Thinking about cancer or dealing with cancer risk can be scary or overwhelming, but we believe that receiving information and resources is comforting, empowering, and lifesaving.
By definition, hereditary cancers affect entire families. Inherited gene mutations can be passed through the generations from mothers and fathers to sons and daughters. Blood relatives, even distant relatives may share the same mutation that runs in a family. For these reasons, it's important for people to know their family history of cancer and to share their personal medical history with relatives.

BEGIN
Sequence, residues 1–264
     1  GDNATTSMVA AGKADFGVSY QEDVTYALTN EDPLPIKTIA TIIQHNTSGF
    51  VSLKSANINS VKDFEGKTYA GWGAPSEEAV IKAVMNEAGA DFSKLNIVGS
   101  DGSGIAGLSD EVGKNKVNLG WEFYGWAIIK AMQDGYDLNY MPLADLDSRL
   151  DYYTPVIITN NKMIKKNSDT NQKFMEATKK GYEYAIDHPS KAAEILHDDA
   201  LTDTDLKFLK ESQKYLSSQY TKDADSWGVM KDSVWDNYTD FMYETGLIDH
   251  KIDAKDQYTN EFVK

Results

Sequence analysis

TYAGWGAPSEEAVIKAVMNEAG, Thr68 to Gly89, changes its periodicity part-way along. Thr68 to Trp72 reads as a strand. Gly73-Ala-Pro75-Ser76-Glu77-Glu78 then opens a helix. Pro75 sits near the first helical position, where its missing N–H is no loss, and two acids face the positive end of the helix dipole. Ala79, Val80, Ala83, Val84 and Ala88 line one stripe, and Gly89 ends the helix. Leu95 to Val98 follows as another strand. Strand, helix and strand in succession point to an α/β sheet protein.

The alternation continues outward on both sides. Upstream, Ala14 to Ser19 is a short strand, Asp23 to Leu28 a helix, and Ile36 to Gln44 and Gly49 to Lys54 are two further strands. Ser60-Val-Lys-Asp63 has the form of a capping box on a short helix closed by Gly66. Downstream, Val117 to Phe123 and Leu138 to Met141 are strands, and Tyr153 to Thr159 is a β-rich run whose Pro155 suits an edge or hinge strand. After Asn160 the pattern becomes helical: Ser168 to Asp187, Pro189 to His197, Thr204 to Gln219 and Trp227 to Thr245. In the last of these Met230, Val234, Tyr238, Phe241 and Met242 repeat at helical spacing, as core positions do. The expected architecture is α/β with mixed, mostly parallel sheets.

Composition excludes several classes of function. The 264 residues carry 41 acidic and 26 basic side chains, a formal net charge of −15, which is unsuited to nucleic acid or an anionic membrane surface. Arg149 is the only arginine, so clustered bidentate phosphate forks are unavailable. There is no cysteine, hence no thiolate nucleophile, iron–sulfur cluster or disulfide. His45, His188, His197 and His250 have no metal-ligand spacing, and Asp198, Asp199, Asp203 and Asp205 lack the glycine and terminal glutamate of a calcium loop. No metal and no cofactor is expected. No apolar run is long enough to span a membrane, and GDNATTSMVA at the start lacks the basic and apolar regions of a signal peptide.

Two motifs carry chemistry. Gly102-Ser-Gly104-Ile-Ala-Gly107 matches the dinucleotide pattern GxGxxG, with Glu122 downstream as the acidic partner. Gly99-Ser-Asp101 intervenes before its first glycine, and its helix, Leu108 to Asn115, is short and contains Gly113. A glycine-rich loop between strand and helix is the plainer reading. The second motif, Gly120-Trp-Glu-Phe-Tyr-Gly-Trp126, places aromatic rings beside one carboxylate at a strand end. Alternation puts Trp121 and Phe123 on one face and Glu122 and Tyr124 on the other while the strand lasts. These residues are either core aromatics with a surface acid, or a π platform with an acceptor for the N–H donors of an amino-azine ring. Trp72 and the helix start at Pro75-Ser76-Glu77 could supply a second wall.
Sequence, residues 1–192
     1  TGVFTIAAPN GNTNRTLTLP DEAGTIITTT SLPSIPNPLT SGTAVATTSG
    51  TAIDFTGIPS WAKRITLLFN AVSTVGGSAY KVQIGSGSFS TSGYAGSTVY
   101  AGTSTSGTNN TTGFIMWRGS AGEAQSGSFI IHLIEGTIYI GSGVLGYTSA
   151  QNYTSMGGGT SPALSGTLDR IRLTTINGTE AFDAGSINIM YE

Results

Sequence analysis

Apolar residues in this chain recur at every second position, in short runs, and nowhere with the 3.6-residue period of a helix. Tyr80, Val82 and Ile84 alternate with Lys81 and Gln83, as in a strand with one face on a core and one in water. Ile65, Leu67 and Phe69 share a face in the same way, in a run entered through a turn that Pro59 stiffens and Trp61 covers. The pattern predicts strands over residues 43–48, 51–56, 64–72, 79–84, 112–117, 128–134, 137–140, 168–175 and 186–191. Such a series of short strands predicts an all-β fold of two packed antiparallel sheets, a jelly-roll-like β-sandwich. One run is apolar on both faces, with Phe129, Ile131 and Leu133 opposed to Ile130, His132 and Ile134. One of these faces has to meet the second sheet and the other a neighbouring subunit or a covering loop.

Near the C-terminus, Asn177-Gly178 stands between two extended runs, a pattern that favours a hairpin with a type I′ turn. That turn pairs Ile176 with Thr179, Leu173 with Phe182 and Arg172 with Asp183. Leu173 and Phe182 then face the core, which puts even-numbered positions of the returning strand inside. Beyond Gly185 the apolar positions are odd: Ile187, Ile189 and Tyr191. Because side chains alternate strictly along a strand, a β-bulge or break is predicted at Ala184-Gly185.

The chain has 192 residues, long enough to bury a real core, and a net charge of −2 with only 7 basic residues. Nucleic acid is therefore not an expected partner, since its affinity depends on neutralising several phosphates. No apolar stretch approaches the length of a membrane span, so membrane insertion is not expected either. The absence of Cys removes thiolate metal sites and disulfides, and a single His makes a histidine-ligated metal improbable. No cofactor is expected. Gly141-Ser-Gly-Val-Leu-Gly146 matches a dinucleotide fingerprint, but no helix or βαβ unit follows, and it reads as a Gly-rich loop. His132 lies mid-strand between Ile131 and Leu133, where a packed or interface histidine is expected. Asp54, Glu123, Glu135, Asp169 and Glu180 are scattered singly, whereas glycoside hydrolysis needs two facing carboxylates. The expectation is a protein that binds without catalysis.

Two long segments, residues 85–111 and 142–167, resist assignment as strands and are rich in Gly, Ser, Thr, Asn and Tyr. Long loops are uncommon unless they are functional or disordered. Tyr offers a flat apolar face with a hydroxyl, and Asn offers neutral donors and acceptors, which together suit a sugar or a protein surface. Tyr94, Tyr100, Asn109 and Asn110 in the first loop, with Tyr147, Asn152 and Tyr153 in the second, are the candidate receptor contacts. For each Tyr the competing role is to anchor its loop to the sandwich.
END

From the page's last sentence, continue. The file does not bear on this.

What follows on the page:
Families share more than genes, physical features, and medical traits. Other common elements—backgrounds, relationships, and dynamics—sometimes affect communication between family members. Visit this section for information and resources on communicating with your family.
Geneticists experts examine a family’s medical history to determine the likelihood that the cancer in the family is hereditary. Visit this section for information on which medical information should be collected and shared.
Visit this section for information and resources for sharing risk information with adult and minor children.